Thursday, August 28, 2008

The Surge is a success?

John McCain talks about The Surge in an interview with time:
You were a very enthusiastic supporter of the invasion of Iraq and, in the early stages, of the Bush Administration's handling of the war. Are those judgments you'd like to revisit?
Well, my record is clear. I believe that the world is better off without Saddam Hussein. I believe it's clear that he had every intention to acquire and use weapons of mass destruction. I can only imagine what Saddam Hussein would be doing with the wealth he would acquire with oil at $110 and $120 a barrel. I was one of the first to point out the failure of strategy in Iraq under [former Defense Secretary Donald] Rumsfeld. I was criticized for being disloyal to the Republicans and the President. I was the first to say I would lose a campaign rather than lose a war. I supported the surge. No observer over the last two years would say the surge hasn't succeeded. I believe we did the right thing.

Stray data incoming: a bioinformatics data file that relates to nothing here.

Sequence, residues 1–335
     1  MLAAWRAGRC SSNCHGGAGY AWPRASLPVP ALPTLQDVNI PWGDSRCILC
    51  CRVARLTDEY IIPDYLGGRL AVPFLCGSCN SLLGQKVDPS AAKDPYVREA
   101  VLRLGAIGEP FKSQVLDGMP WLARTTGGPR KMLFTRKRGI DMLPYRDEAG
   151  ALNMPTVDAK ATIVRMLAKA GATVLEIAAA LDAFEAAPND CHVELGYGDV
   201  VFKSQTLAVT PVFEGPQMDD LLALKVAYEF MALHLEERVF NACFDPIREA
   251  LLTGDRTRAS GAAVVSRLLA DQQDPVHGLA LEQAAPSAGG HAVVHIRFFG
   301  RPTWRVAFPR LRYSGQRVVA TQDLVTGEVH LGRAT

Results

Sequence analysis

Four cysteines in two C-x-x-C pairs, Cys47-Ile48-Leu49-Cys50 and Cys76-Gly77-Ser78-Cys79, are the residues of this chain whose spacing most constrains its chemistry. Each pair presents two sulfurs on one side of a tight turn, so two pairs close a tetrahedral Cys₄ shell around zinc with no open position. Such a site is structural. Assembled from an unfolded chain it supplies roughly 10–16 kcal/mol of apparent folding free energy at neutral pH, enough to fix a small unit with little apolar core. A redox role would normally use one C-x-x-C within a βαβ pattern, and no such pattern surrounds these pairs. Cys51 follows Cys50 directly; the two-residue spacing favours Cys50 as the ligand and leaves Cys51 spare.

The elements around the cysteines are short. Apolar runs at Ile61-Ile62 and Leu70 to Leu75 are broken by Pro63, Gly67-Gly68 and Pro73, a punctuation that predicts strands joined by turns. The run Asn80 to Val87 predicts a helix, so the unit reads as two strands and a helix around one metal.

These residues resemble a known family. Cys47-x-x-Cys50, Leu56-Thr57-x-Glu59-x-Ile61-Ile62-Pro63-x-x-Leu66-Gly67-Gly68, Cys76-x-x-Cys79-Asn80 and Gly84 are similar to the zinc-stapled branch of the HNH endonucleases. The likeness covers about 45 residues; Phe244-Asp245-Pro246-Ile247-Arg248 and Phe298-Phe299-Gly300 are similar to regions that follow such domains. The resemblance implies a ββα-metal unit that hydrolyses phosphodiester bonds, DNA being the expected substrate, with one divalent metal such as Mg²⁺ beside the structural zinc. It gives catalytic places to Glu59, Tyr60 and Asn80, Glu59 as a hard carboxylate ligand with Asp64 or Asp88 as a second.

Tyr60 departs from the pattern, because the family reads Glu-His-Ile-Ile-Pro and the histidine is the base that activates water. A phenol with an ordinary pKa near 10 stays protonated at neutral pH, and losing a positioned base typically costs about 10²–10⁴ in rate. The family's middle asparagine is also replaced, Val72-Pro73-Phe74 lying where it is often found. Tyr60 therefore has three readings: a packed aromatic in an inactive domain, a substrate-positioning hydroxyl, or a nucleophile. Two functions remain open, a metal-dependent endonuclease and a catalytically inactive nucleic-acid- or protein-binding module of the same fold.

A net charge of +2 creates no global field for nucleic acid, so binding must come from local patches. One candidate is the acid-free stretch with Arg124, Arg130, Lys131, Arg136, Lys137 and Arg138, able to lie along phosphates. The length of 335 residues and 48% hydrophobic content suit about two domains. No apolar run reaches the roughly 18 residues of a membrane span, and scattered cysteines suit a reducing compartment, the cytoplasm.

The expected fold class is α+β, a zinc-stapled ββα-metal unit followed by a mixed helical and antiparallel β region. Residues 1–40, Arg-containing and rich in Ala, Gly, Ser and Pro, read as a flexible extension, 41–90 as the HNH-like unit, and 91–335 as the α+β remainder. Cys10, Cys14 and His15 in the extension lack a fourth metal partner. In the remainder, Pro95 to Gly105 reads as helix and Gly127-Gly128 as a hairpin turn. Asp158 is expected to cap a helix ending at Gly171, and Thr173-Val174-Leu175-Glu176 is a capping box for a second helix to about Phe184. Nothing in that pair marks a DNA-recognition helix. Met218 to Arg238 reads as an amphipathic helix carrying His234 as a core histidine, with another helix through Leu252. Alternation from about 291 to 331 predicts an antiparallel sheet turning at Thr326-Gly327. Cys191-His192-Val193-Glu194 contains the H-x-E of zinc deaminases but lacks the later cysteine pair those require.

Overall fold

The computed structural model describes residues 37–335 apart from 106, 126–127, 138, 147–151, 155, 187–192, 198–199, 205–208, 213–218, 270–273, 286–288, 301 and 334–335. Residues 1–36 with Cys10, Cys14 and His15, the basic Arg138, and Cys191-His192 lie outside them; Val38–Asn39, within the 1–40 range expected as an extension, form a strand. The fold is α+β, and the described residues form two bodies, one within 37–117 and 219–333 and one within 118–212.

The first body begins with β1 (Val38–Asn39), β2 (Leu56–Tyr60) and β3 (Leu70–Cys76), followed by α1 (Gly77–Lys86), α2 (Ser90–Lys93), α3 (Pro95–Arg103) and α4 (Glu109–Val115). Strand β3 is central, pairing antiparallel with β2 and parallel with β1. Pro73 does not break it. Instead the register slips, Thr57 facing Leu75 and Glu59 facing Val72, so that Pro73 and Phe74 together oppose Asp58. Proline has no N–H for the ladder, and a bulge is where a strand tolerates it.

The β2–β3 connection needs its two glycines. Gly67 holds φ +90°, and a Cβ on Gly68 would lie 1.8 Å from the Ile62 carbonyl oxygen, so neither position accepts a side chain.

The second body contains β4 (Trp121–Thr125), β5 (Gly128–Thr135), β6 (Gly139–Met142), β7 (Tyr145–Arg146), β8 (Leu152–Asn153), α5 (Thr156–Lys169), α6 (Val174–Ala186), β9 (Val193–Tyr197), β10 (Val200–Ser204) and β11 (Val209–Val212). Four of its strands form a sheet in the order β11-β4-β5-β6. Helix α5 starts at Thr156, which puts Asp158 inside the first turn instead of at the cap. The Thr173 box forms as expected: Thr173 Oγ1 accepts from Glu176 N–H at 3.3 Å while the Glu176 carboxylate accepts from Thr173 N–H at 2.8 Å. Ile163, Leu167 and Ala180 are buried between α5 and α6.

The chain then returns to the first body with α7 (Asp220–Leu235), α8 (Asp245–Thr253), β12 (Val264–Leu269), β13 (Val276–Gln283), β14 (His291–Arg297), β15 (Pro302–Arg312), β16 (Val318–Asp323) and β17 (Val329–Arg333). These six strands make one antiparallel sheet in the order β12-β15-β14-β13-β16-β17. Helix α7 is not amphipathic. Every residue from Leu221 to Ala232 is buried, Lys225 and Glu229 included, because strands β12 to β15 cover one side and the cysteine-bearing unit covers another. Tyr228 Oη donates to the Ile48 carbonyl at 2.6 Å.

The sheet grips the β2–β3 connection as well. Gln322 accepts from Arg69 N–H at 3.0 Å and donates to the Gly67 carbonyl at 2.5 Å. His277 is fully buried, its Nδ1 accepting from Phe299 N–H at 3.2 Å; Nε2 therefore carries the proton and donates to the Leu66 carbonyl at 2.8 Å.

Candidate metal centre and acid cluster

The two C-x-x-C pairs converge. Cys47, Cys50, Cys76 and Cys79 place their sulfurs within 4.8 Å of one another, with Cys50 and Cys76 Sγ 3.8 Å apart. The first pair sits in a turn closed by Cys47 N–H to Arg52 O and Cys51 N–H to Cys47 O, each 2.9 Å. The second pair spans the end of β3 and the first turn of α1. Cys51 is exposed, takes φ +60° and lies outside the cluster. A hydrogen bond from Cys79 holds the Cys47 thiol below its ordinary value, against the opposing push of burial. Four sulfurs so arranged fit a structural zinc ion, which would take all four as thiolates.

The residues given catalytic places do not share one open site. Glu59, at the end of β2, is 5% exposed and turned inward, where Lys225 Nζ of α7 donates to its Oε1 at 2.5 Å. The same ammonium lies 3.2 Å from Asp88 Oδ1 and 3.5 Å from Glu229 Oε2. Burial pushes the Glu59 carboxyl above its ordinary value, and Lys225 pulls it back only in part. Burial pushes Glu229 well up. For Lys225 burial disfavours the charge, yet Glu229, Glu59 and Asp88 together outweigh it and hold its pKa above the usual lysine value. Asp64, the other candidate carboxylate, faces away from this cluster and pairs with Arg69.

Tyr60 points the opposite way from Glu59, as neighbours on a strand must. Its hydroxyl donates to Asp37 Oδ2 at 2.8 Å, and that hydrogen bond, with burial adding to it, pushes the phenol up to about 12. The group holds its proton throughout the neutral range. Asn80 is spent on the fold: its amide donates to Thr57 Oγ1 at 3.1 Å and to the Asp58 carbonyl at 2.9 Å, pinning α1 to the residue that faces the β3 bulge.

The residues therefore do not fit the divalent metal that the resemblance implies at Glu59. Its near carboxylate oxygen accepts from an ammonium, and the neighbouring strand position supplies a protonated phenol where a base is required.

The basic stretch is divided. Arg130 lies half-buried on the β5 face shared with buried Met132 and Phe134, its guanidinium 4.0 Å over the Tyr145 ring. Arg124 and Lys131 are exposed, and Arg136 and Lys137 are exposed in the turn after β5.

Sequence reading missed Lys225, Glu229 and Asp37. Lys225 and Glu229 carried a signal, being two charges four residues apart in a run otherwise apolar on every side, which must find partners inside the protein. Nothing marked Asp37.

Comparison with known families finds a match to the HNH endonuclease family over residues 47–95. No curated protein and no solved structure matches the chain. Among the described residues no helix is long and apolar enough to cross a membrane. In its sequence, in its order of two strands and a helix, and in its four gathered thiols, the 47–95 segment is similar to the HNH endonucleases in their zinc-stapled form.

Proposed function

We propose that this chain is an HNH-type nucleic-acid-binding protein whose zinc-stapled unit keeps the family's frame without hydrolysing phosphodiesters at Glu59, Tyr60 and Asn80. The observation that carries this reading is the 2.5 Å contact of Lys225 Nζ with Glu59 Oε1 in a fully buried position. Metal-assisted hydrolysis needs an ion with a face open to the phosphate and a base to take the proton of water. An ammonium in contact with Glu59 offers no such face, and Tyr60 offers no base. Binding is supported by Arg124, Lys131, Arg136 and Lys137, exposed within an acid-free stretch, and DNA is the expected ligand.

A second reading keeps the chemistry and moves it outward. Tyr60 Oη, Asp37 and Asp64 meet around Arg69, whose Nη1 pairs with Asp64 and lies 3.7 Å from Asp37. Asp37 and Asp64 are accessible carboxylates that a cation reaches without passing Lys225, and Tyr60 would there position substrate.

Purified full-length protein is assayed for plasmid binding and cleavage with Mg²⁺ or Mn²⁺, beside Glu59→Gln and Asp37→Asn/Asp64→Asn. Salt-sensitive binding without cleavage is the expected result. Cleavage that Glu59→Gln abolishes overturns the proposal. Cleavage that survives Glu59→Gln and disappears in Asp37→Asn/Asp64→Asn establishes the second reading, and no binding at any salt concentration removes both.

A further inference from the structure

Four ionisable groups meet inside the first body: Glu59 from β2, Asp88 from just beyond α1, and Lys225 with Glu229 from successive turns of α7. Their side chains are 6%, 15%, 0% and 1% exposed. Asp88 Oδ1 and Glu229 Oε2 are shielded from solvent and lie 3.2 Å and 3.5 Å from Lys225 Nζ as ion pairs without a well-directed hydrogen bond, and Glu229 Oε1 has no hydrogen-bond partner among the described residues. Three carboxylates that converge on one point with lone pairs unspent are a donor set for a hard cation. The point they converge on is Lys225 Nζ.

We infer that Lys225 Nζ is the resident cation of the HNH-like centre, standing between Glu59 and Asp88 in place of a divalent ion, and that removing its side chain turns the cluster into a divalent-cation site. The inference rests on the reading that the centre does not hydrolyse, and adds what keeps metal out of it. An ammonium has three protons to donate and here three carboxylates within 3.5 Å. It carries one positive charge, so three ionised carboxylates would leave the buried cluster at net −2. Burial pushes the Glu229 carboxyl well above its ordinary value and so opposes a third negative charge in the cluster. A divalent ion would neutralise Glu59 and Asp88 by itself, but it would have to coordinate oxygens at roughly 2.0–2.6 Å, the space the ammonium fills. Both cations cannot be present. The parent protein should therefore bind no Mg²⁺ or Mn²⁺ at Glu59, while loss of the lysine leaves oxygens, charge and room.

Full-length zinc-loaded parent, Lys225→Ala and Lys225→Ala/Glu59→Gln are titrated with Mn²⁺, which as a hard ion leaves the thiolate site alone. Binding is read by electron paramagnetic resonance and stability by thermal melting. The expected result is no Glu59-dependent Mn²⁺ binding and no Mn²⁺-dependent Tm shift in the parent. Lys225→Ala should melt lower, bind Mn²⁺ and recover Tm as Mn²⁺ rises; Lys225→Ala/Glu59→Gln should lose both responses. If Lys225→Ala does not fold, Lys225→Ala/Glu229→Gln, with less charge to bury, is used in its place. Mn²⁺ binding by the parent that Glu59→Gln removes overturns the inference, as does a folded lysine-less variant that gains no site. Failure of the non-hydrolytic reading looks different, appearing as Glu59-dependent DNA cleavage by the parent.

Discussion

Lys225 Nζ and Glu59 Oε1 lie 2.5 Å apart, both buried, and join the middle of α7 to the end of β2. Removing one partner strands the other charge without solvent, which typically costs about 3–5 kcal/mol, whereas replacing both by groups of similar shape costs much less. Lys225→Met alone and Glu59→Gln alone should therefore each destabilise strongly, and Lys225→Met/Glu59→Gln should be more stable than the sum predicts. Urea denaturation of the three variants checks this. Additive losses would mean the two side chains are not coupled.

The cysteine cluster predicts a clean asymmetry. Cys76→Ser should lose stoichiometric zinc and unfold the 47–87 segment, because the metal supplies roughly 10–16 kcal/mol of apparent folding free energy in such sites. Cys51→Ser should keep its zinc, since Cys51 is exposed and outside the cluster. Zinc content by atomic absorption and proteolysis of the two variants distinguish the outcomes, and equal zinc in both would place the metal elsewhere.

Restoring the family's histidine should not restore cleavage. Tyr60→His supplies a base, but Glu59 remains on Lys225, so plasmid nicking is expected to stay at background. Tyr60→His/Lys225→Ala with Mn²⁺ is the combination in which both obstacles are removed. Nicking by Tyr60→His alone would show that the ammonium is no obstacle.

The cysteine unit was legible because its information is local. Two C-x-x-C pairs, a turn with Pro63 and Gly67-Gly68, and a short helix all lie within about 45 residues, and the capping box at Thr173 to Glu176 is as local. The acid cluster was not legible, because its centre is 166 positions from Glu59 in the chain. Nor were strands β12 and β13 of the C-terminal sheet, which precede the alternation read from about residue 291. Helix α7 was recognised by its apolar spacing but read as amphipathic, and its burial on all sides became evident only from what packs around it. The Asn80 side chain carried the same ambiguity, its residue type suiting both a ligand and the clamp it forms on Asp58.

Italics mine. Last time I checked The Surge was the name given to the tactic of increasing troop strength and increasing police/security activity in the short term for the strategic purpose of reducing violence so that the Iraqi Government could build it's own security and take over administration of the country allowing us to leave.

On a tactical level, the surge has been a success. But it has not achieved the goal, which is to allow the Iraqi government to build it's own security, take over administration and allow us to leave. This seems to be implicitily acknowledged by even those that claim it a success since they talk about it as a more or less permanent approach.

And not every observer thinks it's a success. Yglesias for one doesn't and explains the above much better than I just did.


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